How to compile Rust AST at runtime?


I’m writing a small implementation of a custom domain-specific-ish language. I’d like to translate it to Rust and then produce an executable.

Now I could generate code as a string and call rustc or cargo as a subprocess, but where’s the fun in that… So I want to generate an AST and compile it at runtime, which I think I can do using the rustc crate.

I found a guide that explains how to create an AST, but:

  • I will need to include a small “standard library” which I want to ship as code and parse into AST at runtime
  • in the end I want to compile the AST into a binary.

I didn’t find any resource that shows a simple example of these two tasks. Does it exist?


You may want to look at compiler plugins, which after all do nothing else than generating AST nodes.


Yeah, but they don’t have to care about compiling it afterwards…


Just wondering: did you find an answer or workaround for this?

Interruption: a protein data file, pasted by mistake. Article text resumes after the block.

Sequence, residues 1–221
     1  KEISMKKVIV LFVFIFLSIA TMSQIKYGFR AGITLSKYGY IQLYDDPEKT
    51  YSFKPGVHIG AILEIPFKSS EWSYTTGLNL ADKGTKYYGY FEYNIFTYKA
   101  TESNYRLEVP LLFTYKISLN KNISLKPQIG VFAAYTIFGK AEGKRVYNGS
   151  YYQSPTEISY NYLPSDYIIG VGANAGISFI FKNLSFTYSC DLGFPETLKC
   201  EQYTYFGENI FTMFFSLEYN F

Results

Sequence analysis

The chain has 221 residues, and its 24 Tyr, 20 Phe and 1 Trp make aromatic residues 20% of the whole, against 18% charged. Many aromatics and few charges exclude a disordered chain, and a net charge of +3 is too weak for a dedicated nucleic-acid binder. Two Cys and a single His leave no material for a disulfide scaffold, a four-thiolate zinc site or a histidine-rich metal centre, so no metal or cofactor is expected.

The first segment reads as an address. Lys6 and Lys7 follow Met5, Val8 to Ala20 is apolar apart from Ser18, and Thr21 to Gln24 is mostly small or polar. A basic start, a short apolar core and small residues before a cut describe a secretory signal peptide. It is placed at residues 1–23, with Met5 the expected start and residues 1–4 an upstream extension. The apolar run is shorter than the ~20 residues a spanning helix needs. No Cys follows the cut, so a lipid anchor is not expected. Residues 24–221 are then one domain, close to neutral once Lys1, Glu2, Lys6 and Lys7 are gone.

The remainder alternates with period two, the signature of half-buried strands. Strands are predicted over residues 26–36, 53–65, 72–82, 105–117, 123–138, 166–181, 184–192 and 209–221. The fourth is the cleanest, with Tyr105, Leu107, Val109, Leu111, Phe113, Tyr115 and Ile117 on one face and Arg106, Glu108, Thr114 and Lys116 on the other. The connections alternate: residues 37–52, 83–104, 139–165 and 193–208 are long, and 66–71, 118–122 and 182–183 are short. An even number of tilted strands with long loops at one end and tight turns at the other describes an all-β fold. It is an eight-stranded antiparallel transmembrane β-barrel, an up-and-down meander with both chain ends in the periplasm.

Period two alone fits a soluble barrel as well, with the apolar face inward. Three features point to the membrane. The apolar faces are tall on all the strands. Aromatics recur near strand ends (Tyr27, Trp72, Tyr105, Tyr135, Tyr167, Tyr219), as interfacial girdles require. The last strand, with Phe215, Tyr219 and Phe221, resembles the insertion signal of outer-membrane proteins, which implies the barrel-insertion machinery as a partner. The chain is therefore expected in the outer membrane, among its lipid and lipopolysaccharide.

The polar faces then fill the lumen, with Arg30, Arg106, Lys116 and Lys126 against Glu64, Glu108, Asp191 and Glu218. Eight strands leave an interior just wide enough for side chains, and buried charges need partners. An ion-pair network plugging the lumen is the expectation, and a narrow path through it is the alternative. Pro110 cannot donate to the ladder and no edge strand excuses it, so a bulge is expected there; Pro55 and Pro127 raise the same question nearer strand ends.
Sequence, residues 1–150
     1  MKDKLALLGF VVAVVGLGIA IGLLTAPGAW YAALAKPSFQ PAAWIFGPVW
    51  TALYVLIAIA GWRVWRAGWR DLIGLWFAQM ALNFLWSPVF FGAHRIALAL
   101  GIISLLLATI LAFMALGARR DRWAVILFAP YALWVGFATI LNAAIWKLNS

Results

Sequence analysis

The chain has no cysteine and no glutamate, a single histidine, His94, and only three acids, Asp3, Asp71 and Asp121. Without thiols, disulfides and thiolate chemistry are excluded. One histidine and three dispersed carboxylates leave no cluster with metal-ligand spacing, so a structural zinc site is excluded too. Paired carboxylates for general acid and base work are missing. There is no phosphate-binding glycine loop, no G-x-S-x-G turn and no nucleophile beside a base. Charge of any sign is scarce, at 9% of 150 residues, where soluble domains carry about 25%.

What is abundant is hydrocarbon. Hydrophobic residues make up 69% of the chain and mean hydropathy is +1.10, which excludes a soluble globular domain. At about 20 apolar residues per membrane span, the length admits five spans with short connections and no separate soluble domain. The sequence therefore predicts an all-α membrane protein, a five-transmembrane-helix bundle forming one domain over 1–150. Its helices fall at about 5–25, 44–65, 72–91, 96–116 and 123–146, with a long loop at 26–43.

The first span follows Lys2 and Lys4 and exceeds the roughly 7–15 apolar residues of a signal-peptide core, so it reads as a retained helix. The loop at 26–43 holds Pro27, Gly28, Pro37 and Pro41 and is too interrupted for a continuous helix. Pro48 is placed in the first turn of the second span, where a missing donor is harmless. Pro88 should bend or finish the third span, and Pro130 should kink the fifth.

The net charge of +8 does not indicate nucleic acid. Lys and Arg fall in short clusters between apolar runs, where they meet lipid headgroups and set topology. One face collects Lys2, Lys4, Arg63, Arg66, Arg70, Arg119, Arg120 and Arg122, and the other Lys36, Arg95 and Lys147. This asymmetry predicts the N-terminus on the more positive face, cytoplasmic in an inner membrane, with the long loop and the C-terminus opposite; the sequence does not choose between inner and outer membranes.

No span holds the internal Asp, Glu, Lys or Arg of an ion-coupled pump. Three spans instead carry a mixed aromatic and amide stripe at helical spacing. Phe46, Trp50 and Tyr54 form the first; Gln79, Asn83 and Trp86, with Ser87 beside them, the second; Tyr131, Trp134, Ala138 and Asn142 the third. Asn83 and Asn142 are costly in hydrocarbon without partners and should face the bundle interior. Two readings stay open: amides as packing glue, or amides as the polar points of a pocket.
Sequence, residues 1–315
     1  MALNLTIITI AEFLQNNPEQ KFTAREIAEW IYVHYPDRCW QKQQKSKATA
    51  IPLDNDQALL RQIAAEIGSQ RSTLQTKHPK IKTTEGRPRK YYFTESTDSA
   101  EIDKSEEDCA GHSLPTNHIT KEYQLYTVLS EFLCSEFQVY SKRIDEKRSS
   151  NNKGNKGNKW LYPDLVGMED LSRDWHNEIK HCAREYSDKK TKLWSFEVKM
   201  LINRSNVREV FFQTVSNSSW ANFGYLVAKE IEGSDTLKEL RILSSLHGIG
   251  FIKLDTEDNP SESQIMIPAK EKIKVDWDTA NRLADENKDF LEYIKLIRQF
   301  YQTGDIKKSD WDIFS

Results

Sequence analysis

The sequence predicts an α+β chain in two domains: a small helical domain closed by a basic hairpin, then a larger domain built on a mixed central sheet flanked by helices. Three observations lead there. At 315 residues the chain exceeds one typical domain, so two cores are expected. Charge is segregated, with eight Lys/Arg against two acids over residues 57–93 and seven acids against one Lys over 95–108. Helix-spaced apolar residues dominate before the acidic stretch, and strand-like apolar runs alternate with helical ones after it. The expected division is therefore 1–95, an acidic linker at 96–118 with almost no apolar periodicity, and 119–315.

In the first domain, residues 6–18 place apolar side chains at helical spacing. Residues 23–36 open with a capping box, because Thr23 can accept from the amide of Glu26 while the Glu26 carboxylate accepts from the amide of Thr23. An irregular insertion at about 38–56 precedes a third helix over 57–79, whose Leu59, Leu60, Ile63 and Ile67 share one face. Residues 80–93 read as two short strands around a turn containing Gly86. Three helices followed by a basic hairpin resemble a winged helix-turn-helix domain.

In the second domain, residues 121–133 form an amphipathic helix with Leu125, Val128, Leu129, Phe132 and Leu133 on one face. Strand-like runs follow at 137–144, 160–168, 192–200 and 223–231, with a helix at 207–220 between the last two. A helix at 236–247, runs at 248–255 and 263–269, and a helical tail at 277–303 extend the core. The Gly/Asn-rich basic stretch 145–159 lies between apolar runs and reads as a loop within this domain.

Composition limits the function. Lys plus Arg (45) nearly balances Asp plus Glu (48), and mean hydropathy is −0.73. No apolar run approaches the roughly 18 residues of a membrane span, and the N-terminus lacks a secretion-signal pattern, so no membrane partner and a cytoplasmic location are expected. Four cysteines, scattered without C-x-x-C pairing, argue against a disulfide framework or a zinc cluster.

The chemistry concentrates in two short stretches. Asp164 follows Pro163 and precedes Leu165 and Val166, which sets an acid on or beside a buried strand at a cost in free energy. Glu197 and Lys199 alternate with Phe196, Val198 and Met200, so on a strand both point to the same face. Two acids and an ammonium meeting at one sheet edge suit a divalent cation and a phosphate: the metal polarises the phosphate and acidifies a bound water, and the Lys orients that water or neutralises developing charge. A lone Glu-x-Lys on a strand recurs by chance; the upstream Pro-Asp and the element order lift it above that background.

I was just looking into a project which could use this kind of functionality as well.


If you are OK with an earlier Rust version, you could try syntex, which is basically a clone of libsyntax (as of 1.0.0, IIRC).


I am also interested in a proper solution for this. Does rust perhaps have an internal library that takes an AST and compiles it?


Would be interested to see a library as well.


It sounds like you’re trying to use rustc itself as a library.

I know C# has something similar where you can import Roselyn (their compiler) as just another library. You can do this in Rust as well by pulling in the rustc and rustc_driver crates (hidden behind the rustc_private feature flag) but it can be pretty finicky because you’re trying to hook into a pretty sophisticated codebase and it wasn’t designed with public consumption in mind. It’s also completely unstable (the compiler is always evolving) so its not uncommon for your code to stop compiling if left alone for a couple months.

I remember contributing a page to The Rustc Guide about using rustc_driver to analyse crates (original issue). That may be of some help if you are wanting to play around with compiler internals.